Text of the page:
Asteya has been called non-stealing, non-covetousness, even non-desirousness. The meaning is that it should cover all action, word and even thought. Purify your action and intention. This means you should direct your thought away from even the wish that what belongs to another person should be yours. According to the Darshopanishad, asteya consists in complete indifference towards the property belonging to another, whether it is straw, money or gold. Even if a jewel or treasure is found it is not to be taken because it belongs to somebody else. SwamiHariharanandaAranya advises that not to take a thing which is not one’s own and the effort to give up even the desire for such things is the practice of non-covetousness/non-desirousness.

Asteya definitely stands on the two firm legs of ahimsa and satya. Whatever comes into your possession should not involve any force, harm, dishonesty or manipulation. Simply put, Earn It. This is one of the questions to ask yourself, “how have I come by this, has it been got by just means, have I earned it, put in the effort?”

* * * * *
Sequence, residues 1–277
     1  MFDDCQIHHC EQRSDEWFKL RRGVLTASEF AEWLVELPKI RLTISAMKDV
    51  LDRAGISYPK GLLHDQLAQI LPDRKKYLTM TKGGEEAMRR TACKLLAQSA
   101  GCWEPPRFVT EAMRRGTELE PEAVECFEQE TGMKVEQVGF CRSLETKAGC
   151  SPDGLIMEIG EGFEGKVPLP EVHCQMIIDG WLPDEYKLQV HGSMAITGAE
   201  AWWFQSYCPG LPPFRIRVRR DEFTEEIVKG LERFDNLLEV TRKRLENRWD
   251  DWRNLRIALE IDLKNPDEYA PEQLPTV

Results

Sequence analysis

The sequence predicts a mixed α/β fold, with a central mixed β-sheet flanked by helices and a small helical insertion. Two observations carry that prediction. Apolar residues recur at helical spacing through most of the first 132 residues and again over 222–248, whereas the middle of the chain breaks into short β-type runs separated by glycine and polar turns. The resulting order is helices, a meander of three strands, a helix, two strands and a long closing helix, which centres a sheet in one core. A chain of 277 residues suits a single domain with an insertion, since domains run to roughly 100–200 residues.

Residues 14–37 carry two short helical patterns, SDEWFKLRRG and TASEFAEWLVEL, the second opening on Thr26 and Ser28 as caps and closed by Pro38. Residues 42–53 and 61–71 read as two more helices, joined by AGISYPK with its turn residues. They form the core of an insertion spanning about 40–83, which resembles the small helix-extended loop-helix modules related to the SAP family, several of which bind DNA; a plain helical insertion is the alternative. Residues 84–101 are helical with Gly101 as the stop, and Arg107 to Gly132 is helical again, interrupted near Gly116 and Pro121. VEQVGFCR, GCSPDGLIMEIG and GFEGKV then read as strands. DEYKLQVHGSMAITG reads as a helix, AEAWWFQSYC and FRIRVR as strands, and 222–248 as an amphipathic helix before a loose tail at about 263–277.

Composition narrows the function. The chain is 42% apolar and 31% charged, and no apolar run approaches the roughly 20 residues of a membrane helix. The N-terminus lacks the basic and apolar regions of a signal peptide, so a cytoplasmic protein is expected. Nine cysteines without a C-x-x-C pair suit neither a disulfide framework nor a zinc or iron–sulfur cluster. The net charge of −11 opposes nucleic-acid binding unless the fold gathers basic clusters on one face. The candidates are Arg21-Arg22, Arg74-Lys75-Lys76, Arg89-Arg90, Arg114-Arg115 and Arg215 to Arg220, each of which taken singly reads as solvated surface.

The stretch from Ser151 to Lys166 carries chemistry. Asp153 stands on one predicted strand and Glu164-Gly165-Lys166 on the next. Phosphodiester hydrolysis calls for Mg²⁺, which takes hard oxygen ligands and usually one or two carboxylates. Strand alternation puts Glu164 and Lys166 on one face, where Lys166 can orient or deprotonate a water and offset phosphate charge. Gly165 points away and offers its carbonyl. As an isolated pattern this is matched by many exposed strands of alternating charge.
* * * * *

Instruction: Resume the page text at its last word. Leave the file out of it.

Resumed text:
Very common in our language is “This is mine”. Such a confusion exists in our minds, much of it driven by greed and jealousy. There is a wonderful phrase in Sanskrit that says “Idamnamam”, “this is not mine”, and is included in all types of offerings, ceremonies and rituals, a sense of giving back what you have taken, correcting the mental confusion over what is mine. In reality we are given temporary use of all these possessions we call mine. The point is to be aware of this, make an offering back to nature, back to the giver, still benefitting by the possession but clear in the desire and coveting of things.

Whether we call things mine or not, we really just have temporary possession over them. So included in asteya is the value of respect. When you rent a car do you treat it differently than you would your own car? Or a book from the library and so on. Similarly with the possessions we have earned in life. Respect the property. One day it must be returned anyway. Such respect requires care and awareness which overrides greed and jealousy.It will also be passed on to the next generation so pass on a clean slate. The passing on of an inheritance to the next generation built on steya just perpetuates the problem. All things must be returned to nature and the creative force eventually. As such, what comes in your possession can be both shared and used to help others. If it is covered in selfishness then the gift or ability is really abused. This brings it back to both the intention and action being refined along the lines of true asteya.